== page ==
Pasture production and utilization: Determining current year’s production and utilization doesn’t require a college degree or a lot of training. A couple of inexpensive tools and a little time will yield lots of useful information. A small hoop, a pair of clippers, a paper bag, and a small hanging scale are all you need to estimate production. Toss the hoop into the pasture, clip to the ground all the vegetation rooted in the hoop and put it in the bag, and then weigh the bag on the scale. Repeat a few more times in the pasture. We recommend a 0.96 ft2 hoop (SDSU Extension or NRCS can help you get or make one) and a scale that weighs in grams. Zero the scale for the empty bag weight; the weight of your clippings multiplied by 100 gives you lb/acre of wet forage if you use the 0.96 ft2 hoop. You can record the wet weight or translate it to dry weight (NRCS has some handy tables to make that easy); what is important is that you do it the same way every year at about the same time. Utilization records can be as simple as recording a comment about the level of use when stock are removed. More accurate estimates can be obtained by clipping inside and outside of grazing exclosures using your production hoop.

Monitoring: Ranchers are sometimes intimidated when pasture monitoring is introduced. Perhaps we "academics" have left the impression that you have to be a botanist to accomplish effective monitoring. That’s not necessary. One of the most effective monitoring techniques uses a camera. Choose one or two spots in your pasture that you think are representative of the condition of that pasture. Mark the spot (gps, fencepost, etc.) so you can find it each year. Take landscape photos from that spot; be sure to either date stamp the photo, or put a sign in the picture that tells where and when the photo was taken. It’s best if you can take your photos at about the same time each year. You can also take photos of a plot on the ground; make sure you can find the same spot again for future photos. Print the photos out and bring them with you the next year so that you can get the same view each time. You can look at the photos taken of the same landscape or plot over a series of years and detect changes that you might miss without the photographic record.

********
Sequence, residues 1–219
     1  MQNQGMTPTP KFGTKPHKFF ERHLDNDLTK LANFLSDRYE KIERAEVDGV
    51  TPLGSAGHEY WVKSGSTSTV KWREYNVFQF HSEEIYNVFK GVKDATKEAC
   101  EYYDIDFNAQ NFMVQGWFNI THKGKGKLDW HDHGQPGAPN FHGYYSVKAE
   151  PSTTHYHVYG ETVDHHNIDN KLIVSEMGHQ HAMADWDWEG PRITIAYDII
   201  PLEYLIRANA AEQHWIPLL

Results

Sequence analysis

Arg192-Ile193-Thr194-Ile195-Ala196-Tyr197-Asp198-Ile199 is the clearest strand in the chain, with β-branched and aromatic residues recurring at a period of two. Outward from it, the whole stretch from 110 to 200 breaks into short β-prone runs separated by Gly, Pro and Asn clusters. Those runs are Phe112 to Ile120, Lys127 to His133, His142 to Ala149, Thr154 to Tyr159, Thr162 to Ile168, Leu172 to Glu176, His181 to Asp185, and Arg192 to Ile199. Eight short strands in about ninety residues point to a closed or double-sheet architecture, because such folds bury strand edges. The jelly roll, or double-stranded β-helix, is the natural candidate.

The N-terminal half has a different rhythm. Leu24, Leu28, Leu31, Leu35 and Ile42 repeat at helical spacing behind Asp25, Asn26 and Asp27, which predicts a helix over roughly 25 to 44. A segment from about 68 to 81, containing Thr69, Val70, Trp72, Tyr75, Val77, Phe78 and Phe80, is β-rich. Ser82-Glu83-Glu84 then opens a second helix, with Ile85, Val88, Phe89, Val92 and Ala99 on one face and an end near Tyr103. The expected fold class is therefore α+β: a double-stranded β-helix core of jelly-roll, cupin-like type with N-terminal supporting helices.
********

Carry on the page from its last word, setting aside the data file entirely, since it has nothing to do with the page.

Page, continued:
General impressions: Taking time to evaluate the effect of your grazing management on current and future rainfall effectiveness will provide the opportunity to continue what’s working and modify what’s not. In the same manner that it’s crucial to evaluate the condition of grazing animals (using tools like body condition score), it’s critical to "read the landscape," and consider the condition of the vegetation and the soil. That assessment begins with careful observation: "are the most desirable plants vigorous and healthy?" (The same questions we’re asking ourselves about the calves). "Is the soil surface protected? Does litter decay indicate a healthy cycle?" The other important step is keeping a record of the observation, so that changes (hopefully indicating improvement) can be detected.

One reward of livestock production is the progress observed in some important traits such as yearling weight or pregnancy percentage. That progress is only evident if records are kept to document the changes. Similar reinforcement can be obtained from excellent rangeland management. Records to demonstrate landscape change are essential to detect the progress.